There are nearly a dozen accounts on the GoFundMe crowdfunding site seeking money to battle the Sabal Trail and Trans-Pecos pipelines. The Society of Native Nations, which is fighting the Trans-Pecos, used the protest camp model from North Dakota to set up a camp in Texas, according to Executive Director Frankie Orona.
"I really believe this momentum is going to stay alive," said Orona. "Standing Rock was the focal point, was the root of this movement. If we learned anything from Standing Rock, it's the power of unity. It wasn't one (tribal) nation — it was more than 400."
Hundreds, and sometimes thousands, of Dakota Access opponents congregated at the main protest camp for half a year, often clashing with police to draw attention to their cause. More than 750 people were arrested between early August and late February, when the camp was closed in advance of spring flooding season.
The prolonged protest garnered widespread and consistent attention on social media, and it has filtered down, to some degree, to the pipeline protests elsewhere. That has elevated activists' concerns from local demonstrations to a national stage, according to Brian Hosmer, an associate professor of Western American history at the University of Tulsa.
"Social media makes it more difficult to shut off the camera," he said. "In some way, they're their own reporters and they don't need the networks to report it. Social media connects the tribe; it now connects all of these separate groups."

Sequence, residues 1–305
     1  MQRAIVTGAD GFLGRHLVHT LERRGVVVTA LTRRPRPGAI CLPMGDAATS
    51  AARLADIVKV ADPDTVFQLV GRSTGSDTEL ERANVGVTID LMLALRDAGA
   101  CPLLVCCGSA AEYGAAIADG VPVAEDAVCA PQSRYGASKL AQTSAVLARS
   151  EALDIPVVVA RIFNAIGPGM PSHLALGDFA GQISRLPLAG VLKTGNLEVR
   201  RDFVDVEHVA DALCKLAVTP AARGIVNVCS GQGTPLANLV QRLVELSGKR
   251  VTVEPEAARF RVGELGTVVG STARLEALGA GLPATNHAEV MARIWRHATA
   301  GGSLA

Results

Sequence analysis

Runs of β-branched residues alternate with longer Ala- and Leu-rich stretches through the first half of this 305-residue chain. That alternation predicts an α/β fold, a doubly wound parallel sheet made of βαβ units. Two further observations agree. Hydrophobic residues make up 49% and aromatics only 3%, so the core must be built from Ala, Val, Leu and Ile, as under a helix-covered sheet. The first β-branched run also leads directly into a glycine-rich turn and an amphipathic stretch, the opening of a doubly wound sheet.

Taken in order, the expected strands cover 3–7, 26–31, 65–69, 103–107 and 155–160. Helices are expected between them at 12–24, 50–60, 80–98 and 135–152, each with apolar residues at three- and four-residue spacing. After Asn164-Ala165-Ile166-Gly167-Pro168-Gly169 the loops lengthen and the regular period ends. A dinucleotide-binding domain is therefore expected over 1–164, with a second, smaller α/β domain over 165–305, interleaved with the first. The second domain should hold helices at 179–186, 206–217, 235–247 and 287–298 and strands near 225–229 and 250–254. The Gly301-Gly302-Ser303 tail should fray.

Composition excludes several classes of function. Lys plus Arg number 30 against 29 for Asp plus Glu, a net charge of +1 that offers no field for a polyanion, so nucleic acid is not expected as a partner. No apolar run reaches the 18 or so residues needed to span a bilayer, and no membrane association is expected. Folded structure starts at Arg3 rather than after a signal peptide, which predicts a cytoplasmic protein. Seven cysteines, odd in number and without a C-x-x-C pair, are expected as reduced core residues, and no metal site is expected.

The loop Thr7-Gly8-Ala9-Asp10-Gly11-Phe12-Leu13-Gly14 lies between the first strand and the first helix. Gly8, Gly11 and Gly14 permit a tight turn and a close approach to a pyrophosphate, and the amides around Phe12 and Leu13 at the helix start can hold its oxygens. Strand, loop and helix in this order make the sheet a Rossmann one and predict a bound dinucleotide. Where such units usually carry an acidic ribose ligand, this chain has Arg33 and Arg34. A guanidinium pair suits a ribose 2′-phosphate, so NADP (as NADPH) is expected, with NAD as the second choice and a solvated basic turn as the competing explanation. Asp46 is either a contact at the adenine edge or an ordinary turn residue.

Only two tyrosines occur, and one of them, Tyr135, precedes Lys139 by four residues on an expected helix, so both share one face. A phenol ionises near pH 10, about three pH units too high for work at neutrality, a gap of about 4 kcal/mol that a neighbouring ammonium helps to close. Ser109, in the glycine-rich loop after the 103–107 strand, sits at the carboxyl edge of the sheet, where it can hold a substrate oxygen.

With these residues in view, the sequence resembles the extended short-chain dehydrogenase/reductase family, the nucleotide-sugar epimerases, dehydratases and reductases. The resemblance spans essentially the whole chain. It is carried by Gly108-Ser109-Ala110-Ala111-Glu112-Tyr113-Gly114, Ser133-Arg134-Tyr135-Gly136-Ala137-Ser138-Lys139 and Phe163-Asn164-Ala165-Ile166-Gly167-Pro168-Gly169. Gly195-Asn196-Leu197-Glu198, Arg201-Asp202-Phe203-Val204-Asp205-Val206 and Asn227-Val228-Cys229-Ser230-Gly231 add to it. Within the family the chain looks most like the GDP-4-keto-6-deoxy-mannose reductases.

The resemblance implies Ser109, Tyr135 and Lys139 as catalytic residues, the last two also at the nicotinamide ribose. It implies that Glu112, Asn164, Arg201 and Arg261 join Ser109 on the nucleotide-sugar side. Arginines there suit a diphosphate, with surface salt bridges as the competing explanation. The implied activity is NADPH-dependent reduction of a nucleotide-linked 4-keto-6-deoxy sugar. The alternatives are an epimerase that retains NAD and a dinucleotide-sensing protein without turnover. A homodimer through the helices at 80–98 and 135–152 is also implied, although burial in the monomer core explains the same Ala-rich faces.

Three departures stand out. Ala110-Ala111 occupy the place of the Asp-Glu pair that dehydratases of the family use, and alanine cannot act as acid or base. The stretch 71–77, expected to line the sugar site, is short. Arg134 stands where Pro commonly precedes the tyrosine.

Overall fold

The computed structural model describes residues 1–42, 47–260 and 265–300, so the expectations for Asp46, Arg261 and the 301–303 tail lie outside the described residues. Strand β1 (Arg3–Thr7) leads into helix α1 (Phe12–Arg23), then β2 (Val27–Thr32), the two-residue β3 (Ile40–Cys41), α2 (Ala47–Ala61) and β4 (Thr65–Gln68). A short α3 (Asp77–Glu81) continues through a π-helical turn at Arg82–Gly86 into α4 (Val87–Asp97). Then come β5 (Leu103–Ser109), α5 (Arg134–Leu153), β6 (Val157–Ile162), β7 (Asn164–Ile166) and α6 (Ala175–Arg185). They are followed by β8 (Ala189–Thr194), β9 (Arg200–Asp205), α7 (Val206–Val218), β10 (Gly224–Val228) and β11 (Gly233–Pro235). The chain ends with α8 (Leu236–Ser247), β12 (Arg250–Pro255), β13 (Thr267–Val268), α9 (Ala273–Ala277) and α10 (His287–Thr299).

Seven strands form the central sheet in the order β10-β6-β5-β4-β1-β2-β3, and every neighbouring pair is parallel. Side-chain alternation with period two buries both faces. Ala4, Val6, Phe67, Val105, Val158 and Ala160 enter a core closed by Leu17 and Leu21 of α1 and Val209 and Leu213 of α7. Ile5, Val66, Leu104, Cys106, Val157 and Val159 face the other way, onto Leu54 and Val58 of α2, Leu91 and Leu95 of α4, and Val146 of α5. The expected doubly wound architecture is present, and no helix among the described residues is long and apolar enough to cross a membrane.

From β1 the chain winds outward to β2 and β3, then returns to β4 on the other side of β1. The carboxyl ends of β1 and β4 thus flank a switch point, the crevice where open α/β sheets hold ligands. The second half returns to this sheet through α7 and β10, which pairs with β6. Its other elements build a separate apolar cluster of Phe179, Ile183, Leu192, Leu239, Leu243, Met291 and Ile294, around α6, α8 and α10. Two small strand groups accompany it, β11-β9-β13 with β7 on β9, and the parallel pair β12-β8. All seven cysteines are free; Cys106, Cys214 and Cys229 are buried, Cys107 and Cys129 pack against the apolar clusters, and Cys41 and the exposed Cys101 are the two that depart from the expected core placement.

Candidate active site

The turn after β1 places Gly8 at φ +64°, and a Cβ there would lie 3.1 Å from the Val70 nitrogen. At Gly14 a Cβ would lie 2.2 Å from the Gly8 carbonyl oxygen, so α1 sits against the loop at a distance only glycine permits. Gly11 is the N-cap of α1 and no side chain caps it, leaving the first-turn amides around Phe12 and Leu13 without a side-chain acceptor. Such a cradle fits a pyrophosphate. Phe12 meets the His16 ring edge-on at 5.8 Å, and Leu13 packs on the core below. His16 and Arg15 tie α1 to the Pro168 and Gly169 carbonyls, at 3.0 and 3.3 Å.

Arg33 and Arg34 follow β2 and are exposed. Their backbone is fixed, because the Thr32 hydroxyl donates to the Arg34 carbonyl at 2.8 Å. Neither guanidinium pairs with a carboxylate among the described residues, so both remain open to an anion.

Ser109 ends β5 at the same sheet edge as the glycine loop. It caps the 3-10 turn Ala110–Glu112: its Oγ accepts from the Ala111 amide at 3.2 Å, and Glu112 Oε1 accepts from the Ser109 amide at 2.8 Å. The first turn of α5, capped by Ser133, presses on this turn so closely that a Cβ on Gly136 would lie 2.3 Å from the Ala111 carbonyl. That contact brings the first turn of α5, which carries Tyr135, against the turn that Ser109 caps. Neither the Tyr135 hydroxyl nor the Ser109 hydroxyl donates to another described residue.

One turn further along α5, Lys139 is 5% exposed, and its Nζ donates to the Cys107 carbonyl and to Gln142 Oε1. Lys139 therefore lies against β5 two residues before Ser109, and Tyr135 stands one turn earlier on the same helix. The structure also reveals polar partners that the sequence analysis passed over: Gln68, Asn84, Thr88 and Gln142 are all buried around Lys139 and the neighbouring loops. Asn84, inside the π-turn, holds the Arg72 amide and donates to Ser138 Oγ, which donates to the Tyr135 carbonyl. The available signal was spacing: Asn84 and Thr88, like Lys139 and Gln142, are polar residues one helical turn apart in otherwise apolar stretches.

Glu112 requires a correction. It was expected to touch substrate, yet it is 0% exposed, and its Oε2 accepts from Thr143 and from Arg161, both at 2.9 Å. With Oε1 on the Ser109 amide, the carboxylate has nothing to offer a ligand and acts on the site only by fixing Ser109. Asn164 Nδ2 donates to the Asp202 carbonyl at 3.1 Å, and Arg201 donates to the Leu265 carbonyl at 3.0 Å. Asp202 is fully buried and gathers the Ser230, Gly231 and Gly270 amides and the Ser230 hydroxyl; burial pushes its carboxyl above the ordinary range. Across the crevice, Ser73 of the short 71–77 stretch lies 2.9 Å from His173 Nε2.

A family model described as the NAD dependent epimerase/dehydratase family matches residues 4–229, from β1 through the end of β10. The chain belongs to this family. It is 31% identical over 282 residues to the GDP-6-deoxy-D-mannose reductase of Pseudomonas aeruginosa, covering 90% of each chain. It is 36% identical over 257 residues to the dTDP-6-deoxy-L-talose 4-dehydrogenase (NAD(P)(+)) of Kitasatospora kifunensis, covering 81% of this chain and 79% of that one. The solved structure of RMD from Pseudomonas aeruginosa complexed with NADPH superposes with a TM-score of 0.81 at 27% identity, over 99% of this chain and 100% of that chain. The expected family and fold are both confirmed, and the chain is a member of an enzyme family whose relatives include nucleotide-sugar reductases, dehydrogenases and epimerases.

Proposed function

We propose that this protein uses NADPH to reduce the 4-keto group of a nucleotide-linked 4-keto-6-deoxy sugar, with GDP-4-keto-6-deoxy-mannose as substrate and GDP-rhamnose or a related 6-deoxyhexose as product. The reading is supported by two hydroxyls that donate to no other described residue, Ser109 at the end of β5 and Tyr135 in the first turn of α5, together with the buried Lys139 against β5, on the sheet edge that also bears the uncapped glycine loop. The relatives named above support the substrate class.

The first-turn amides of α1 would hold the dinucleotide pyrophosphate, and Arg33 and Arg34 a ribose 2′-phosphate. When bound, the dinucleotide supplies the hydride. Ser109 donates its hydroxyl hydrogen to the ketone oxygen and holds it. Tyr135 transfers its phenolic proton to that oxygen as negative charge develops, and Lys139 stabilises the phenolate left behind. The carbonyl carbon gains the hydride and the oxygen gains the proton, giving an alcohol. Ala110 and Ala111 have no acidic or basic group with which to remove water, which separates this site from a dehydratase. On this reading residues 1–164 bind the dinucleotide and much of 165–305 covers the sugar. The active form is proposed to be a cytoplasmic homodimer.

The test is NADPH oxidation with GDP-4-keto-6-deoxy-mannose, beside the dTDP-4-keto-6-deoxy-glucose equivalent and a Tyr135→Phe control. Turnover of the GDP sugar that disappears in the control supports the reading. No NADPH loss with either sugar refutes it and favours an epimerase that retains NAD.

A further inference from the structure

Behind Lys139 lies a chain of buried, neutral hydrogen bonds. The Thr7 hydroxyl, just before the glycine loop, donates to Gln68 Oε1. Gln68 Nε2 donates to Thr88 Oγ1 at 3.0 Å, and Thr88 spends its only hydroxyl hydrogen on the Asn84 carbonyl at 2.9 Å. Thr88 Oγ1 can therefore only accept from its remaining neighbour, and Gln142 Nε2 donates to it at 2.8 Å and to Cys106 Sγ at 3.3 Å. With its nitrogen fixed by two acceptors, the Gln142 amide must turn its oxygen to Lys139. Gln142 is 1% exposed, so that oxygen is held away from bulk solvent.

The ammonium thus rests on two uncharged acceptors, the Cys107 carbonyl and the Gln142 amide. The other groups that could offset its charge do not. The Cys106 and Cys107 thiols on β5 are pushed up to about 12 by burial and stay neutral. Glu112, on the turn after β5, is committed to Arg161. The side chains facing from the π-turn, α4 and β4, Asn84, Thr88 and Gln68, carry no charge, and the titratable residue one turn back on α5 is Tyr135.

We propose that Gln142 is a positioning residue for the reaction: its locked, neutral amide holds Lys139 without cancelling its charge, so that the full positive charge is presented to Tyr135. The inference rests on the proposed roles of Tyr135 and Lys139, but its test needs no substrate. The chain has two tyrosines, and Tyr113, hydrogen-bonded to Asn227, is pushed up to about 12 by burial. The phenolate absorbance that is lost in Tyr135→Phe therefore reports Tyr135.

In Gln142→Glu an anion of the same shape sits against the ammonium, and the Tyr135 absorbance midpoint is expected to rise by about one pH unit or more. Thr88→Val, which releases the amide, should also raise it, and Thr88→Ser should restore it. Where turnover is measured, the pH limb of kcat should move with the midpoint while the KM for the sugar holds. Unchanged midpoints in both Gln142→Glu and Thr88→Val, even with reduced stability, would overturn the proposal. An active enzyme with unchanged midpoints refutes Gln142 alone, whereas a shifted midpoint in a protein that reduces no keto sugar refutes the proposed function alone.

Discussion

For now, the energy industry and its allies say they're unconcerned.
The Dakota Access movement wrote the new playbook for pipeline opponents, but it might be less effective under Trump, said Craig Stevens, spokesman for the MAIN Coalition, a group of agriculture, business and labor entities that long spoke in favor of the pipeline. Trump approved its completion shortly after taking office and he has taken other steps favorable to the fossil fuel industry while rolling back Obama-era environmental protections.
U.S. Rep. Kevin Cramer, a North Dakota Republican who has advised Trump on energy issues, said pipeline developers have learned to prepare for resistance, and he thinks the anti-pipeline movement will fade if protesters fail to achieve their goals and get discouraged.
Juliana Schwartz, senior campaigner for Change.org, which helps people and groups advance causes, disagrees, saying the environmental protest movement appears to be strong. A "people against pipelines" page on the group's website recently listed 16 petitions related to energy projects — mostly pipelines — in more than half a dozen states, with nearly 725,000 supporters.
"The broader movement to stop resource extraction has taken inspiration from (Dakota Access)," Schwartz said. "I think we can expect to see this trend continue as more and more communities feel that their safety and health is under threat due to the president's support of the fossil fuel industry over marginalized communities."
Contributing to this story were Associated Press writers Justin Juozapavicius in Tulsa, Oklahoma; David Warren in Dallas; Dave Kolpack in Fargo, North Dakota; and Ken Miller in Oklahoma City.